KwaTuqNuk resort, Polson

The tribes derive most of their income from selling timber, revenue from Kerr Dam, the KwaTuqNuk ("where the water leaves the lake") resort and casino in Polson, and S&K Holding—an electronics manufacturing firm. Salish Kootenai College is a community college located in Pablo.[12][5]

Points of interest


There are 26 places (including CDPs) on the reservation that are officially recognized by the Census Bureau. Only 8 of them are majority Flathead. Whites own about 1/3 of the land on the reservation. Previously whites owned most of the reservation but the tribe has been steadily buying back the land over many years.[13]

See also

Further reading


  1. ^ "Local and Social Services" (PDF). Lake County, Montana. Retrieved July 15, 2011. 
  2. ^ "Flathead Indian Reservation". Online Highways. Retrieved July 15, 2011. 
  3. ^ a b "The Montana Dinosaur Trail". Montana Dinosaur Trail. Retrieved July 15, 2011.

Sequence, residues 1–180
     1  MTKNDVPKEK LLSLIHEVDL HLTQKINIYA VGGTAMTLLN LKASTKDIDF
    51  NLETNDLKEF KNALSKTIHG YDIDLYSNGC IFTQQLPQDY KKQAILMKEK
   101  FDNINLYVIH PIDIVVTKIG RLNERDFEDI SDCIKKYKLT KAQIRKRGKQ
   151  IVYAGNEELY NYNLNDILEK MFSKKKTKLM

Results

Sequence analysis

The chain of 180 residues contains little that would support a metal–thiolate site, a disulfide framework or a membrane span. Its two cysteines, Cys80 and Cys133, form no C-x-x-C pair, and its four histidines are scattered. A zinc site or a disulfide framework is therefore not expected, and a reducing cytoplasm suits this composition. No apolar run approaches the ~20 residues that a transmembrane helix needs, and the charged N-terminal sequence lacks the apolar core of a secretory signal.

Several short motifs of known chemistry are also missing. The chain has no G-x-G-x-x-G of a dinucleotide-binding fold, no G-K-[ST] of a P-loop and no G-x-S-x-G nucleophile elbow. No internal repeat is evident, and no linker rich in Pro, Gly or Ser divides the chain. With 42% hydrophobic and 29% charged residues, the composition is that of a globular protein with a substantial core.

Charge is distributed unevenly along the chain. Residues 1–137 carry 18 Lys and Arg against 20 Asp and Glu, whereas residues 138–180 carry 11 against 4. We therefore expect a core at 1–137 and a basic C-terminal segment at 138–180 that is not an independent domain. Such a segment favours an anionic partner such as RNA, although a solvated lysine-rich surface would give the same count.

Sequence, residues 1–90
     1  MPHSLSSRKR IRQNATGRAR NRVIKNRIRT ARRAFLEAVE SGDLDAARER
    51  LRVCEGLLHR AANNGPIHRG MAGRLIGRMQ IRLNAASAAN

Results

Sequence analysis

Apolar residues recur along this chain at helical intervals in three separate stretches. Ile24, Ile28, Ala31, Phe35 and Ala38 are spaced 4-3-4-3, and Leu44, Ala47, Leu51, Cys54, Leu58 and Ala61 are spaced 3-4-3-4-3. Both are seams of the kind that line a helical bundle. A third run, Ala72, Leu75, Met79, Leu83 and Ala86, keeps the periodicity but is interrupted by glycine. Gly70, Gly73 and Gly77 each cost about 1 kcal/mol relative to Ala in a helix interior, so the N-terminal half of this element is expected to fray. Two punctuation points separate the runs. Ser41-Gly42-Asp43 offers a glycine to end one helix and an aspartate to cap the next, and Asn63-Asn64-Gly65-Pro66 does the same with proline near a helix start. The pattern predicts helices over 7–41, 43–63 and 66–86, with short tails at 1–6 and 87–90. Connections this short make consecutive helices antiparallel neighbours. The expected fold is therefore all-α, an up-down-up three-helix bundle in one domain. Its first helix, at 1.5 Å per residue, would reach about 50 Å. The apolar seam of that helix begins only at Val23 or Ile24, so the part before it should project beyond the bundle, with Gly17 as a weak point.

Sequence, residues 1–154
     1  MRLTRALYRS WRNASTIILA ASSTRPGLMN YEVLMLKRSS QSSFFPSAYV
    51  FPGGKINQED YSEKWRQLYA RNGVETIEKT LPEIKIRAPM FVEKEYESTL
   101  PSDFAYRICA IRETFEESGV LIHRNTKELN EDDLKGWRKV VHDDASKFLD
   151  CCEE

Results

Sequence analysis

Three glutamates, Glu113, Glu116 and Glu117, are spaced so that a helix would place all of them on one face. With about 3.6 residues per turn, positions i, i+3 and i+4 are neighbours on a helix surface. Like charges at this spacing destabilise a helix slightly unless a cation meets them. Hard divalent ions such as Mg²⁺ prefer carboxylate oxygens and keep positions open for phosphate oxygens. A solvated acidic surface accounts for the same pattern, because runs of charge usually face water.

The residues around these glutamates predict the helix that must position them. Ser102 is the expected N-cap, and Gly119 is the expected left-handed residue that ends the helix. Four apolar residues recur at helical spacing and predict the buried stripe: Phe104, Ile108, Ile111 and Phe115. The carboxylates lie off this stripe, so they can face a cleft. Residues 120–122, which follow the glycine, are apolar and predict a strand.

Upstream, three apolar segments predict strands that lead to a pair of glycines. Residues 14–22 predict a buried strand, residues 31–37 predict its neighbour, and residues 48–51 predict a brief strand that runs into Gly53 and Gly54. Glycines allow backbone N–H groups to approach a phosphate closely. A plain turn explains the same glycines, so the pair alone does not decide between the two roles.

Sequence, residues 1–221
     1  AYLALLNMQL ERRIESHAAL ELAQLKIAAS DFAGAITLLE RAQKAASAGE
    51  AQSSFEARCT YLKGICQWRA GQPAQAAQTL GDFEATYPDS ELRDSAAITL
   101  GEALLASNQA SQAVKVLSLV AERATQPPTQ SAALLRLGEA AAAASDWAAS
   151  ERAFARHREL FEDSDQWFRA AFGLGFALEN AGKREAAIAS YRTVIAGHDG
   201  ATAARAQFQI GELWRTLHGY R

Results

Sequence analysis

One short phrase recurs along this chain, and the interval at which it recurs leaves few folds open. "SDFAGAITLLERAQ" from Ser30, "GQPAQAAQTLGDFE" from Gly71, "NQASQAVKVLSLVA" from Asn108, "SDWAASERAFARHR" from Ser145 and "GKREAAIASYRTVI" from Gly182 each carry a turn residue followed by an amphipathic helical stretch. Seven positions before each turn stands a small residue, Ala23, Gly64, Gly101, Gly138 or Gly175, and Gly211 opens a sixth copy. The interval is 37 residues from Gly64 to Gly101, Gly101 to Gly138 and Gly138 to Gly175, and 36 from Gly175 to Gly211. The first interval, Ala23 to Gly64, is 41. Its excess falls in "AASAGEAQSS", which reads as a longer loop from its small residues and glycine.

4. ^ a b "Flathead Reservation Marks Century of White Settlement". The Missoulian. September 26, 2010. Retrieved July 15, 2011. 
  5. ^ a b c d e f g h "S'elish-Ktunaxa-Flathead". Visit Montana. Retrieved July 15, 2011. 
  6. ^ "The Mission Mountains". Big Sky Fishing. Retrieved July 15, 2011. 
  7. ^ a b "Flathead Indian Reservation Fishing, Bird Hunting, and Recreation Regulations". Montana Fish, Wildlife, and Parks. Retrieved July 15, 2011.  includes detailed map of the reservation
  8. ^ "Conserving Wildlife (and Culture) on the Flathead Indian Reservation". Montana Fish, Wildlife, and Parks via Montana Outdoors. Retrieved July 15, 2011. 
  9. ^ "Flathead CCD". United States Census Bureau. 2000. Retrieved July 15, 2011. 
  10. ^ "Census shows growth at 4 Montana reservations". Helena Independent Record. March 28, 2011. Retrieved July 15, 2011. 
  11. ^ "Historic Saint Mary's Mission". Saint Mary's Mission. Retrieved July 15, 2011. 
  12. ^ a b c d e f "Flathead Indian Reservation". Montana Kids. Retrieved July 15, 2011. 
  13. ^ "Flathead Reservation". Anishinabe History. Retrieved July 15, 2011. 

External links

Coordinates: 47°29′59″N 114°16′46″W / 47.49972°N 114.27944°W / 47.49972; -114.27944{{#coordinates:47|29|59|N|114|16|46|W|scale:1000000 |primary |name= }}